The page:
Product RLUS SFM

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Product Brief - Retrieve, Locate, Update Service Functional Model (RLUS SFM)

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Product Name

Retrieve, Locate, Update Service Functional Model (RLUS SFM)

Standard Category

Application Functional Specifications - Services (SOA)

Integration Paradigm

Services

Type

DSTU

Releases

  • HL7 V3 RLUS, R1 December 2006

Summary

The Retrieve, Locate, Update Service Functional Model (RLUS SFM) Draft Standard for Trial Use (DSTU) is a draft functional standard defining the functions, responsibilities, inputs, outputs, and expected behavior of a system component capable of querying information and returning data and metadata between systems. Although fairly abstract in nature, RLUS is actually very simple to understand—it provides a generic query and retrieval mechanism that can be used for a multitude of information content via a standard access mechanism, promoting consistency within a heterogeneous environment.

Description

The Retrieve, Location, and Updating Service (RLUS) provides a set of interfaces through which information systems can access and manage information. RLUS allows health data to be located, accessed and updated regardless of underlying data structures, security concerns, or delivery mechanisms.

RLUS explicitly occupies the service space within an information processing environment. It is independent of, but compatible with, underlying structures, including local security implementations, data models, or delivery mechanisms. By separating and exposing those aspects of resources that facilitate inter-organization work flows in a service layer, this specification abstracts the problem of interoperability away from underlying systems. It is this abstraction and reconfiguration that allows interoperability and system durability independent of burdensome technology integration.

For example, an organization may have a benefits/ enrollment system, an Electronic Health Record System, and a Personal Health Record System all within the organization. Intregrating information from among these systems can be complex. RLUS could be used to further this integration by building an RLUS-compatable interface into each of the above systems, and making a distributed RLUS call to retrieve pertinent information for a specific patient. The RLUS specification standardizes how disparate information types are managed and aggregated into a single result. Further, since RLUS provides a mechanism for new, richly structured information content to be supported, integration based upon RLUS allows for new systems to come online and integrate into the organization’s infrastructure. RLUS specifies a collection of behaviors needed to manage this inquiry, query, and retrieveal of content. The “location” function allows for the return of candidate information, indicating the availability of matching records without actually returning their instances (for example, does the system have any positive zzzz lab results for patient X). Other interface behaviors specify how the targeted information can be retrieved or updated. The RLUS SFM is among the first healthcare standards targeted to support a service-oriented architecture (SOA), and is at the basis for an unprecendented collaboration with the Object Management Group (OMG), whom has adopted a technical specification complementing this SFM.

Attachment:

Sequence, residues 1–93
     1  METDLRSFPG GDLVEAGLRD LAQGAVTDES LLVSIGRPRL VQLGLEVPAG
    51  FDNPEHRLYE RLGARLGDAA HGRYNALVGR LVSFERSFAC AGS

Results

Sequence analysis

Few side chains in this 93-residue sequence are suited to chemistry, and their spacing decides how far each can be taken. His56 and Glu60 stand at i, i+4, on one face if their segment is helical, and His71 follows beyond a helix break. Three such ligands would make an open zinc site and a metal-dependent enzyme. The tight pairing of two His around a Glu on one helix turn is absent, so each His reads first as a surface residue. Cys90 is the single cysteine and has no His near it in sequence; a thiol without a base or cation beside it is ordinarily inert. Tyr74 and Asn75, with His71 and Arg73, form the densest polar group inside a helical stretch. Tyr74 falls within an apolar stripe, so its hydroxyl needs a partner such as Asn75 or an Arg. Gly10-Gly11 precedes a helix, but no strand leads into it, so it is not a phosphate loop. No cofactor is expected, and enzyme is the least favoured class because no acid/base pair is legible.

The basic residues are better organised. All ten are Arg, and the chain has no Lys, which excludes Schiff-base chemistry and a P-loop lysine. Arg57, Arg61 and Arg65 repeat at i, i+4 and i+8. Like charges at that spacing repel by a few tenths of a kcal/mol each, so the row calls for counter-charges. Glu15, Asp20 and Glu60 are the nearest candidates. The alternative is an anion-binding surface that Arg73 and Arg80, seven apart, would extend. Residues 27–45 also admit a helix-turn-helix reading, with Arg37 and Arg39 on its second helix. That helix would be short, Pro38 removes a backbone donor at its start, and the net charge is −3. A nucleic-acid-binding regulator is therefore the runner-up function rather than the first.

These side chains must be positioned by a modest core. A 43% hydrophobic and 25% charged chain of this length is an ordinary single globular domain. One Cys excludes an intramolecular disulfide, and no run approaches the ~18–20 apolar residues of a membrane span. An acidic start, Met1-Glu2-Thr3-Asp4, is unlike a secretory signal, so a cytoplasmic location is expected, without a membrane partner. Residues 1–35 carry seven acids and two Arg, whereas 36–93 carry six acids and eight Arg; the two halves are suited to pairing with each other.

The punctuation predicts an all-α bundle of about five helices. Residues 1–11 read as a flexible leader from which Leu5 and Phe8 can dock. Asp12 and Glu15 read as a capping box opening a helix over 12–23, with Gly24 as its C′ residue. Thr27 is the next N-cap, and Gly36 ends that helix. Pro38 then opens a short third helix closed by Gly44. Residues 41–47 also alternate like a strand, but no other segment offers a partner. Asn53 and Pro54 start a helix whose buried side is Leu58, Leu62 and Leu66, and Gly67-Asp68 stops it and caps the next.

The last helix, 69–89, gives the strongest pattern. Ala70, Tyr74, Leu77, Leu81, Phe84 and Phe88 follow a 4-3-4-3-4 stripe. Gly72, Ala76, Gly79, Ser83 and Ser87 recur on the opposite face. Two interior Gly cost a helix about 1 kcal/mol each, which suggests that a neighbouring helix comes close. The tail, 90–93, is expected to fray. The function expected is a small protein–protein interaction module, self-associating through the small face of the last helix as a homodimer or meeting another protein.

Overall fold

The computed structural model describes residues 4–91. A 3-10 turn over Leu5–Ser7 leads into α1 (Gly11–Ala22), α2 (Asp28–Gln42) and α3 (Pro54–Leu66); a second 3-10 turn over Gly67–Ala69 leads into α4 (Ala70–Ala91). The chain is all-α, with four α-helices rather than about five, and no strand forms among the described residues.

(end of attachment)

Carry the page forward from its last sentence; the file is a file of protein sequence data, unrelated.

Business Case (Intended Use, Customers)

  • Vendors: Health Care IT,
  • Providers: Hospitals and Health Networks,
  • Integrators/consultants

Benefits

Within a mobile society, the value of healthcare information systems will ultimately be derived from their ability to locate, process, and supply healthcare resources found in other systems and different formats. RLUS takes the healthcare marketplace volatility as a given, and provides a primary interaction mechanism between systems, remaining independent but complementary to underlying technologies. RLUS gives vendors several opportunities:

  1. RLUS interfaces could be a fundamental component of any distributed health record system.
  2. RLUS interfaces may be included as a functional set of service interfaces for their healthcare applications.
  3. Vendors can add value to the customer’s solution with the addition of one or more RLUS-conformant services. This increases the scope of each customer’s reach, and in turn allows additional value to be available to other clinical practices.

RLUS provides architects and designers with an effective mechanism to specify, scope, and implement the portions of a healthcare enterprise architecture committed to interoperability. Whether this interoperability is between departments, systems, or organizations, RLUS embodies a flexible, responsive methodology that shortens design time and reduces product iterations.

Resources

Work Groups

Education

Relationship to/ Dependencies on, other standards

  • Standards such as the Common Terminology Service (CTS), the emerging CTS II specification, and work in progress such as the Entity Identification Service all form foundational elements that will benefit RLUS. Other HL7 standards relevant include HL7 CDA, EHR, RIM, the IHE XDS Cross Enterprise Document Exchange, and the W3C's URI.

Links to current projects in development

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